UNSETTLING LESSON IN "STRICT LIABILITY" FROM WINDOW GUARD CASE
Achild died from a fall from a Brooklyn cooperative in 1994. The Department
of Health inspected the building and found that windows guards in nine
of the apartments were improperly installed or that screws holding them
in place were loose. Violations were issued and the building immediately
corrected all the deficiencies.
Almost two years after the tragedy, the City brought criminal charges
against three corporate officers for "failure to properly install
and/or maintain window guards."
Stunned at being accused of criminal action, the board petitioned the
court to have the criminal charges dismissed. Their attorney argued that
as volunteers running the building to the best of their ability, they
should not be held criminally liable for building violations where no
willful wrong act was committed. But, following the "strict liability"
provisions of the law, Judge Kathryn Smith declined to dismiss the criminal
charges and sent the case to trial. In a subsequent negotiation, the building's
manager pled guilty to a criminal misdemeanor and all charges were dropped
against the board members. As is customary in such cases, a fine was imposed
and paid by the cooperative.
Many sections of the Health Code, the Fire Code and the Building Code
are strict liability statutes, giving the City the option of pursuing
owners for criminal as well as civil penalties. When violations are brought
against a corporation that owns property, charges are also filed against
the individual or individuals listed as responsible for that building
on its multiple dwelling registration, which is filed with the City. In
this particular case, because the multiple dwelling registration had not
been updated to name the current manager, the City pursued the corporate
Judge Smith rejected the board's defense that as volunteers they simply
hired the manager to run the building for them. "The decision to
prosecute and the determination of what charges are to be brought are
solely matters within the discretion of the People," she opined,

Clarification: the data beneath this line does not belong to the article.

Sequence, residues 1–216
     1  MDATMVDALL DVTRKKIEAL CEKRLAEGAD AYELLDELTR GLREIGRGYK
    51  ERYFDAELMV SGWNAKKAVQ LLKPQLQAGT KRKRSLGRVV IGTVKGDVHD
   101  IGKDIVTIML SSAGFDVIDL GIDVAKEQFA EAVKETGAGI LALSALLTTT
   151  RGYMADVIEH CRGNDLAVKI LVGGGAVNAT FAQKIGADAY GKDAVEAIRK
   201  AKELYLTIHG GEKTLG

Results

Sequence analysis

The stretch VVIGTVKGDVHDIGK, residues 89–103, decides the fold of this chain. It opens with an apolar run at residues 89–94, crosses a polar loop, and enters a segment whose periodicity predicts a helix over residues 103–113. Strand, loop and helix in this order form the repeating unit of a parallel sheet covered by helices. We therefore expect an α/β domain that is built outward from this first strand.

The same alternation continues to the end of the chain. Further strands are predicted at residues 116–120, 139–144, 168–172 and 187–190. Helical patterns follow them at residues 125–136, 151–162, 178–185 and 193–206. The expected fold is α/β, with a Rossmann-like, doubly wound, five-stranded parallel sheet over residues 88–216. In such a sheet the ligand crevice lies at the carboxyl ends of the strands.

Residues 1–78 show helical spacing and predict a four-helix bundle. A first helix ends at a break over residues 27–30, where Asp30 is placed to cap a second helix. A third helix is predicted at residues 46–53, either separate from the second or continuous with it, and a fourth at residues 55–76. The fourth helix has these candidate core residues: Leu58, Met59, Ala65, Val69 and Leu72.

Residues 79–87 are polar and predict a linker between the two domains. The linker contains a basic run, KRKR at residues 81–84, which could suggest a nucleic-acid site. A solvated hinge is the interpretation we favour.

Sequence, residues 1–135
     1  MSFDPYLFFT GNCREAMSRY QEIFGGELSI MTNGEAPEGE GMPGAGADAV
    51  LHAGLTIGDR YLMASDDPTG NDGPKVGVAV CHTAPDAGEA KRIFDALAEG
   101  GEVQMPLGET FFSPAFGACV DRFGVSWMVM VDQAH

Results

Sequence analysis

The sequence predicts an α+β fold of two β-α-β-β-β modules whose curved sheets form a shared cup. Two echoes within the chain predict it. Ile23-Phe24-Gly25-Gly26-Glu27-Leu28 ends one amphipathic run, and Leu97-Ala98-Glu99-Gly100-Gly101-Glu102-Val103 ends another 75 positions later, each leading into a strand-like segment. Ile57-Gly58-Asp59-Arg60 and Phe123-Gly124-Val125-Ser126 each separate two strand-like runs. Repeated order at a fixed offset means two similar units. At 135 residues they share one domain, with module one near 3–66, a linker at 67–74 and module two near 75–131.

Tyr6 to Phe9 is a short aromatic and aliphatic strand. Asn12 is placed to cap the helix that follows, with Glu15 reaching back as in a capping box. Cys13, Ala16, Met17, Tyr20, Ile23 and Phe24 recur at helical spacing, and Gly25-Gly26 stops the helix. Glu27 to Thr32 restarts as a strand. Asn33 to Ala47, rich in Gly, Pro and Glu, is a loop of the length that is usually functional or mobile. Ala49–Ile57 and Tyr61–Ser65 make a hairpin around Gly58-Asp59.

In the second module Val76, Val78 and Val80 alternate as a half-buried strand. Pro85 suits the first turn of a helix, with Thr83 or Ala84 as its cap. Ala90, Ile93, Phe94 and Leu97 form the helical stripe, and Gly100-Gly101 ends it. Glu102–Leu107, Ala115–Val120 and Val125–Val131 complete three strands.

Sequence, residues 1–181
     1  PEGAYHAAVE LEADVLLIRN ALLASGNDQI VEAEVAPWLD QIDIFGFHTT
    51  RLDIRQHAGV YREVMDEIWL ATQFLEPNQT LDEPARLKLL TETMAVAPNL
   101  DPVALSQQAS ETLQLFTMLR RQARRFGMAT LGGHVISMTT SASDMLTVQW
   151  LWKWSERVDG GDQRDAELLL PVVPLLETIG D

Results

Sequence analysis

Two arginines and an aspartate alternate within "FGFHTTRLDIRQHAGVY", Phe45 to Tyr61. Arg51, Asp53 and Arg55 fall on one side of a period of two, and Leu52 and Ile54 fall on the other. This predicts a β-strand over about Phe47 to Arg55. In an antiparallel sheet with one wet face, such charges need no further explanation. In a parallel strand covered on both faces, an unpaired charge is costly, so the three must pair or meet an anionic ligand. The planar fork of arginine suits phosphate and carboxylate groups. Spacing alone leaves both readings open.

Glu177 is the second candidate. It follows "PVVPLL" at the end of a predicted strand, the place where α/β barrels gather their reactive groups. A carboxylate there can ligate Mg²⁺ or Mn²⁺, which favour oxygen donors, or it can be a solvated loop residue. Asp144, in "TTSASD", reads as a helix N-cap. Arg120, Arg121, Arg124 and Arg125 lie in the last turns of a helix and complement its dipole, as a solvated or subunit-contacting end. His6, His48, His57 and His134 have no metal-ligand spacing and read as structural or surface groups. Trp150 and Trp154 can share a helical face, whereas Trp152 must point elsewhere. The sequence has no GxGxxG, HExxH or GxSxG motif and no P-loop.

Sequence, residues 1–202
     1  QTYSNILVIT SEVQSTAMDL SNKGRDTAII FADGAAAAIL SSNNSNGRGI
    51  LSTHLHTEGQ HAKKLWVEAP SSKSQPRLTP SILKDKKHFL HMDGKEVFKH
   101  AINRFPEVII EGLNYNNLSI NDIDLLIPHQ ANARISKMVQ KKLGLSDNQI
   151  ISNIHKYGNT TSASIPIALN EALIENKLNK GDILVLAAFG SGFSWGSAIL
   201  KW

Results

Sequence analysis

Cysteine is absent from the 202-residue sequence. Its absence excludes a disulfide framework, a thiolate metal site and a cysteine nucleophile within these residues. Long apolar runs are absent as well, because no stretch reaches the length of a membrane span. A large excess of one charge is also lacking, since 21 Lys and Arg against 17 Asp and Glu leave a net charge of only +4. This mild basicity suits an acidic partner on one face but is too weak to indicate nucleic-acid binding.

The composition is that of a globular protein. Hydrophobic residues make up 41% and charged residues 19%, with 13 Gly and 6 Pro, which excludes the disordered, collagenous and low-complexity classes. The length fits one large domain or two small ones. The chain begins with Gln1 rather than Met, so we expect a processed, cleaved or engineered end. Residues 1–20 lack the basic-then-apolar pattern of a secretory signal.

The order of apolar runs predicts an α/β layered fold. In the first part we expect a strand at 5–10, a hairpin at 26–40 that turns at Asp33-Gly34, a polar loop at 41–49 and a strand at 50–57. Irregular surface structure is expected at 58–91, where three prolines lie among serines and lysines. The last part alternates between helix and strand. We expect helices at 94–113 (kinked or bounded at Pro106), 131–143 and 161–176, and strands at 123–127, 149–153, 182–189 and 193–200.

further stating that, "it is well settled that a corporation acts
only through the individuals who act on its behalf, including its officers,
and that a corporate officer cannot escape individual criminal liability
for violations of the law."
BOARDS MUST BE CONSCIENTIOUS
This widely-reported incident has been a harsh wake-up call for directors
and officers of New York cooperatives and condominiums. CNYC joins the
chorus of those advising that, while there is no need to panic, board
responsibilities are not to be taken lightly.
Boards must pay careful attention to all aspects of operating their buildings.
With the help of management and other appropriate professionals,you should
develop a calendar of requisite filings, inspections and notices.Document
through the corporate minutes when you instruct management to perform
each of these tasks, and verify that the work has been done. When problems
arise, attend to them quickly.
PROTECT YOUR BOARD WITH FULL INSURANCE
You will also want to review your directors and officers liability coverage,ensuring
that the corporation indemnifies directors so that there is no personal
exposure and that the D&O policy would cover the cost of a defense
in a criminal proceeding such as this one. Several insurers have advised
cooperatives that they will not cover costs associated with defending
criminal liability cases. Others do provide coverage; none will reimburse
criminal fines or penalties.
CNYC SEEKS LEGISLATIVE REMEDY
CNYC is committed to changing the laws that give rise to this unfortunate
decision. As this legislation is developed, we will need the grass-roots
support of our members to ensure its passage.